The Long March History
Towards the closing stages of the Second World War Soviet forces edged into Germany provoking one of the most incredible yet hidden stories of courage and stamina in RAF history.
Throughout the war the Hitler’s Third Reich held hundreds of thousands of Allied Prisoners of War in a comprehensive network of POW camps across the Germany and the occupied territories. The vast majority of R.A.F aircrew were housed in Stalag Luft camps such as Stalag Luft I at Barth and Stalag Luft III at Sagan in Silesia. The story of these institutions stands alone, however as the Red Army approached the Germans faced a major problem – how to deal with the POW’s.
Hitler was well aware of the impending situation on the Eastern Front as early as July 1944 and on the 19th of July (one day before the assassination attempt) he issued orders for the ‘Defence of the Reich’. Amongst these orders was the decision to evacuate the Prisoner of War camps in the eastern territories and march the inmates towards the rump of Germany around Saxony and the north around Lübeck and Hamburg. It was this decision that set in motion the events of the Long March in the winter months of 1944-45.
Forced to march hundreds of miles in wretched conditions with little food, water or accommodation, R.A.F prisoners were subjected to a horrendous ordeal; hundreds died of starvation or disease, scores collapsed through malnutrition and exhaustion. The Long March became one of the most extraordinary chapters in Royal Air Force history – and one of the least known about.
The largest of the Stalag Luft camps in Germany was the notorious Stalag Luft III complex at Sagan (now Zágan in Poland). The Sagan camp was the scene of not only the Wooden Horse escape, but most notably the Great Escape in March 1944. Administered by the Luftwaffe (as all the Stalag Luft camps were) Luft III was designed as a model camp – a camp for fliers, administered by fliers.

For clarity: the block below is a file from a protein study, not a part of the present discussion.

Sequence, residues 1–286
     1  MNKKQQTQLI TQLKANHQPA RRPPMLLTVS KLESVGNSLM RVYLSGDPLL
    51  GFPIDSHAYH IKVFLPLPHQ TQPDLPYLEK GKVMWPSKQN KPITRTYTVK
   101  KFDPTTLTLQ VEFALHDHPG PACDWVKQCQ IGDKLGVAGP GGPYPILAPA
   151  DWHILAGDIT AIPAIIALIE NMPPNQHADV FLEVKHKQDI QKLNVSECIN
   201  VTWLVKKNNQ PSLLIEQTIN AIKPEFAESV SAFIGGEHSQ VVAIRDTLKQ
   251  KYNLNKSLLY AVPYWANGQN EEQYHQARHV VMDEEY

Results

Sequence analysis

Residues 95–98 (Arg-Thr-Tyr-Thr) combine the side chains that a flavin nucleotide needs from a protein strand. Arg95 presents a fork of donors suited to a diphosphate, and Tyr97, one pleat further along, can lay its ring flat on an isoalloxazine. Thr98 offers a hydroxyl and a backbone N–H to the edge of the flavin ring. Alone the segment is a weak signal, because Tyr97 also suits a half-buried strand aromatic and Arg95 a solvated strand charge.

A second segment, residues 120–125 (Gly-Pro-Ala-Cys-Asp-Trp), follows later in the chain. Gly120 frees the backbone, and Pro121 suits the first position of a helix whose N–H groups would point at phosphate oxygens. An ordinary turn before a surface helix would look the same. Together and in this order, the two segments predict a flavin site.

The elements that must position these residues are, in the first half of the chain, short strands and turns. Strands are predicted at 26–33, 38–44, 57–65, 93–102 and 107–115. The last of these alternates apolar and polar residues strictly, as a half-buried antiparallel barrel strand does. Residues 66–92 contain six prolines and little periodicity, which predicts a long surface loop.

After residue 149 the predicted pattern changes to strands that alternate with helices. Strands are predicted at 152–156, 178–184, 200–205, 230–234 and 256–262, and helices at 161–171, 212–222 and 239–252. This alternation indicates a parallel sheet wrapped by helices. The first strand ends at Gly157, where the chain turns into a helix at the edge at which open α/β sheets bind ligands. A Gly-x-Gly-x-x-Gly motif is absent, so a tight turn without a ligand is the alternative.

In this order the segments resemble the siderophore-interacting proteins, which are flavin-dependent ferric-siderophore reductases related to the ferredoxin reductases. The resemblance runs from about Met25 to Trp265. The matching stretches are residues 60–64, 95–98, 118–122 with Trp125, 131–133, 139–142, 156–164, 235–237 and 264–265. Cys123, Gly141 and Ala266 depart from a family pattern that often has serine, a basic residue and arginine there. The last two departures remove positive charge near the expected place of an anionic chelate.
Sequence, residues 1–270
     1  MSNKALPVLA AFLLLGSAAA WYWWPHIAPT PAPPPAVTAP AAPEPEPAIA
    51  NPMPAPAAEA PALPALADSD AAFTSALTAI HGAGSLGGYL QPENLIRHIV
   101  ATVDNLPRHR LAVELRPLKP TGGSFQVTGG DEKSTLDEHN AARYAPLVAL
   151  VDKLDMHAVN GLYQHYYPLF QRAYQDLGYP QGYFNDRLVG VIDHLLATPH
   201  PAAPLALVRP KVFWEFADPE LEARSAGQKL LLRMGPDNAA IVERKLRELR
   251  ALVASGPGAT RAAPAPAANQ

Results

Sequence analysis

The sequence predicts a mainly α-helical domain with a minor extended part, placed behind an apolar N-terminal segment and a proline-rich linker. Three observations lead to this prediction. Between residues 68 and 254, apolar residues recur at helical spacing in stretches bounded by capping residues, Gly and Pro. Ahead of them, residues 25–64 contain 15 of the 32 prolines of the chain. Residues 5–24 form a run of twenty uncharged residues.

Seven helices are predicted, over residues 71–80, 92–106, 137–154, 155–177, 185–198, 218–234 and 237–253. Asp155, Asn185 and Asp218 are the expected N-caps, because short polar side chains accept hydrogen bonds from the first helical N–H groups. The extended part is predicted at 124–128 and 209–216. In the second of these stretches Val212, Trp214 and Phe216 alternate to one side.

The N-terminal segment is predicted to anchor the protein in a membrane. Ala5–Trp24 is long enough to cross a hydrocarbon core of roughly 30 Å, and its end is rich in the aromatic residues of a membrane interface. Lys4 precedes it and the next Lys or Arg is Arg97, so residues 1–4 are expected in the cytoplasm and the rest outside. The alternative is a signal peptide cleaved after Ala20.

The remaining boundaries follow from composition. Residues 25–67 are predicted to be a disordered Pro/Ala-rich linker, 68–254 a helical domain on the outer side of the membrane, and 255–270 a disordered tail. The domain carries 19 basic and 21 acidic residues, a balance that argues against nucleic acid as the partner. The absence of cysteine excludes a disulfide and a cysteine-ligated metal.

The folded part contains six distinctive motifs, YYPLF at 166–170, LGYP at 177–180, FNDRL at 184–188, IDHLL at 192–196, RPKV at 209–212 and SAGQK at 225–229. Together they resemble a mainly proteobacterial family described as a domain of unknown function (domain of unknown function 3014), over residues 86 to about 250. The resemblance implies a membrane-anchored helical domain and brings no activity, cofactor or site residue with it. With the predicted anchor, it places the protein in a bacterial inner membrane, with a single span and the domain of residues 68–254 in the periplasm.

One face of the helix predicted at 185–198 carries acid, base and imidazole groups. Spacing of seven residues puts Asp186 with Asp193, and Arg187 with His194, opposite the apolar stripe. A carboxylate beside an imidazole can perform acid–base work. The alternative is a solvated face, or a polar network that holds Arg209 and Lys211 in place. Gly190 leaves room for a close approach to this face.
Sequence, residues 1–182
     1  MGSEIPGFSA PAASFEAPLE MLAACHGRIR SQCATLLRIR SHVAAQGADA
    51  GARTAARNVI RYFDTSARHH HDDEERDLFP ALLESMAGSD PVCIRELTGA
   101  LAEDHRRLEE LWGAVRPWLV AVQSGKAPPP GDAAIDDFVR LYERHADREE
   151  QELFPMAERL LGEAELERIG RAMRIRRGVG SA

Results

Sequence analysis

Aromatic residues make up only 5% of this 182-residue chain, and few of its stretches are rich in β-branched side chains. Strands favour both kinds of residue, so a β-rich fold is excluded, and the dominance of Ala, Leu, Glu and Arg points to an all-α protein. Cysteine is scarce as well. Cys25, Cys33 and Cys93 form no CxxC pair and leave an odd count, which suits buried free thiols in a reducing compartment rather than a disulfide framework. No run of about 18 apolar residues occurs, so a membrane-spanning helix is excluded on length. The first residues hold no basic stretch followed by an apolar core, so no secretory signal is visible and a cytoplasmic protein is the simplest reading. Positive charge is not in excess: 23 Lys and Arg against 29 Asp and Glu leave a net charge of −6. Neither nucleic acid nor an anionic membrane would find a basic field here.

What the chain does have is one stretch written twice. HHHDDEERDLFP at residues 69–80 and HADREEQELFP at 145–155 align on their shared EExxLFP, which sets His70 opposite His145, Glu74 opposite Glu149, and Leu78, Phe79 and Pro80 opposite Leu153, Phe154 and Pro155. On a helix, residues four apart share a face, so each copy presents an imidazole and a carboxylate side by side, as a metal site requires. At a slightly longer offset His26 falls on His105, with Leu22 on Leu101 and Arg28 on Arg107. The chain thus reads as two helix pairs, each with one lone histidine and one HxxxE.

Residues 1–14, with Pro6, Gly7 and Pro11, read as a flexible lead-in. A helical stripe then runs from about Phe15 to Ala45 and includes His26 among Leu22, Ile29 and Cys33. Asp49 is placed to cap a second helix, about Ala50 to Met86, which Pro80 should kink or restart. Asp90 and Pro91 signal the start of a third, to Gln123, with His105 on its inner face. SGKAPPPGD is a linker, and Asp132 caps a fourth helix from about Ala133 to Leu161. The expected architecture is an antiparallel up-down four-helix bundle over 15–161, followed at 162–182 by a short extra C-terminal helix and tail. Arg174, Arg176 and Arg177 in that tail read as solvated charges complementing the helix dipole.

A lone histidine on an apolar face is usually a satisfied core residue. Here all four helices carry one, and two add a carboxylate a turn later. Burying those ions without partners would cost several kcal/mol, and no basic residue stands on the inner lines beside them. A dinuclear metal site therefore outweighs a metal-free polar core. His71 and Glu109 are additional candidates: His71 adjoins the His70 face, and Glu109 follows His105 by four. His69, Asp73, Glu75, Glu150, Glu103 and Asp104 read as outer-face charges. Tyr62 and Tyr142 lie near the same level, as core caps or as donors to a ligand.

The ordeal of the Stalag Luft III prisoners was harsh and confusing, typical of the arduous march towards an uncertain fate. Marching from the gates of the camp at Sagan through the wooded countryside of Silesia and towards Berlin, the prisoners stopped off at small hamlets and towns along the route. Staying in makeshift barns and abandoned factories, they hunted for food and tried to rest as best they could. Adding to the misery of the march, the temperatures plummeted and the thick snow made the arduous journey a fight for survival – airman who had endured captivity for over five years collapsed by the roadside of exhaustion and malnutrition, cold and fever.
“By the time we reached Friewaldaü we were all exhausted, hungry and delirious with cold. The thick snow and ice made the journey torturous and led to many of my colleagues collapsing by the roadside. Occasionally we’d get a scrap of food or some liquid….I can only describe it as liquid because we didn’t know what it was!”. Flying Officer S. Parker, Stalag Luft III Eventually the Sagan party halted in the town of Spremberg and from there they were fanned out across Germany in a mixture of cattle trucks and railway box cars. Spremberg, a small town eighty kilometres south of Berlin was bursting with prisoners and refugees, retreating soldiers and former concentration camp inmates; the scene was horrific and confusing.
The Long March became etched into the history of the RAF and sits proudly alongside the Battle of Britain and the Strategic Bomber Offensive.
Images: Imperial War Museum
Header Image: Stalag Luft III view of the original huts.
Image 1: British prisoners tend their garden at Stalag Luft III.